YouView: Catch-up a fifth of TV viewing

The use of catch-up or on demand television services such as BBC iPlayer and ITV Player now accounts for a fifth of the nation’s TV viewing according to the first-ever YouView census into national television habits for 2013.

It also found that in a typical week, the average Brit claims to record just under nine hours of TV each week and spends around six hours taking advantage of the ability to tune in to their favourite shows on demand.

The study, to mark IPTV platform YouView’s first birthday on July 4, indicated that among 18-24s this rises to nine hours and 20 minutes of on demand viewing, which is just under a third of their weekly TV enjoyment. The next generation’s on demand viewing habits appear to be similar, suggests the study. Parents of under-16s, who were questioned as part of the survey, estimate their kids watch on average seven hours of catch-up per week.

The research also indicated that even for the over 55s catch-up still makes up 14 per cent of their viewing time.

Alongside these figures, the study identified a host of key changes and trends in the habits of telly addicts when it comes to the different technologies available to them.

While three quarters (77 per cent) of those questioned still use their main TV the most, the average home now has four different devices (including their main TV) on which they can watch TV, which is just over double the number they had five years ago. However, this rises to an average of six devices for the 18-24 year olds questioned.

The study of more than 2000 people, carried out by YouGov for YouView, also found that while the average home records around 10 programmes in a typical week, they delete four of those on average without watching them – with entertainment the mostly likely (36 per cent) to be binned followed by films (32 per cent) and documentaries (32 per cent).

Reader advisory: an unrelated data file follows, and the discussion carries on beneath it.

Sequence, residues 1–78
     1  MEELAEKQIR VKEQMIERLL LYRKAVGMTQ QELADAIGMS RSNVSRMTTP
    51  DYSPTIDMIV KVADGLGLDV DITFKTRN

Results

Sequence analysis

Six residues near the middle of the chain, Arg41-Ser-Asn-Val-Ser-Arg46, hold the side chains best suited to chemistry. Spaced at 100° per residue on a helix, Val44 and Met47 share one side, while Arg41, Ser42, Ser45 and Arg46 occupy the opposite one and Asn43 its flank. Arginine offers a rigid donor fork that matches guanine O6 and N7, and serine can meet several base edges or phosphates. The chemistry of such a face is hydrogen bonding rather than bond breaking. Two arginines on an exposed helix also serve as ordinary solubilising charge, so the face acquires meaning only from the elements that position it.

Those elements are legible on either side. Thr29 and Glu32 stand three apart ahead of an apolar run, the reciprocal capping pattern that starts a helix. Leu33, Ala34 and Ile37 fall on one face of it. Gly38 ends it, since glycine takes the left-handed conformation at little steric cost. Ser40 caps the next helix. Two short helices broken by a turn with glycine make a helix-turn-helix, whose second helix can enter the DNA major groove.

Steve Conway, Head of Marketing, YouView, said that television was a huge part of British life but the way people view it is changing beyond all recognition. “What is becoming important to TV fans is being able to watch what they want, whenever they want it and this research supports that. Among 18 to 24 year olds, 37 per cent said the ability to watch on demand TV was very important compared to a quarter nationally and as a nation we are craving more and more time with our favourite programmes, on our own terms,” he advised.

According to Conway, the results of the survey are interesting as it indicates that a quarter of those questioned are now watching more TV than five years ago and more than three quarters watch television content on their TV.

The research also found that across the country, alongside their TV, 57 per cent of those questioned said they use their computer to watch television content, 14 per cent do so through a games console like the PlayStation 3 or Xbox 360 and 25 per cent access TV on a tablet with iPad and iPad mini the favourite at 19 per cent vs. 6 per cent for Android models.

Spending on subscription TV services has also increased by around 40 per cent in five years with the average household monthly payment now £29.89. Nearly a quarter (23 per cent) spend more than £50 per month. TV-related downloads also account for £1.56 per month from iTunes or the Google Play Store, with men spending £2.03 versus £1.13 for women.

Other highlights from the study include:

  • 1hr 49mins of TV is claimed to be watched out of the home each week (e.g. while commuting or travelling)
  • Just under one in 10 (9 per cent) men claim they use a device to watch TV at work during a lunch break
  • One in 10 (9 per cent) people claim they used a computer most often to view TV
  • 46 per cent would like the ability to watch programmes whenever they like without waiting for an initial broadcast
  • Around a fifth (21 per cent) would like the ability to create a more personalised programme guide
  • 30 per cent still tend to use a printed TV guide to find out what’s on television
  • 55 per cent have purchased a new television as their main set in the last three years
  • 17 per cent of respondents claim to have bought a new TV in the last year – the same number who’ve had theirs at least five years
  • The most common TV size is 32inch with 24 per cent who have a TV in their household owning one. Just under a fifth (19 per cent) have a 42inch television
  • One in 10 (11 per cent) claim however that they now own a television over 46 inches or more
  • 46 per cent have an HD-ready TV but don’t currently watch any HD content
  • 10 per cent think their household will buy a 4K TV within the next two to three years
  • 29 per cent claim to watch TV in the bedroom (32 per cent male versus 27 per cent female)

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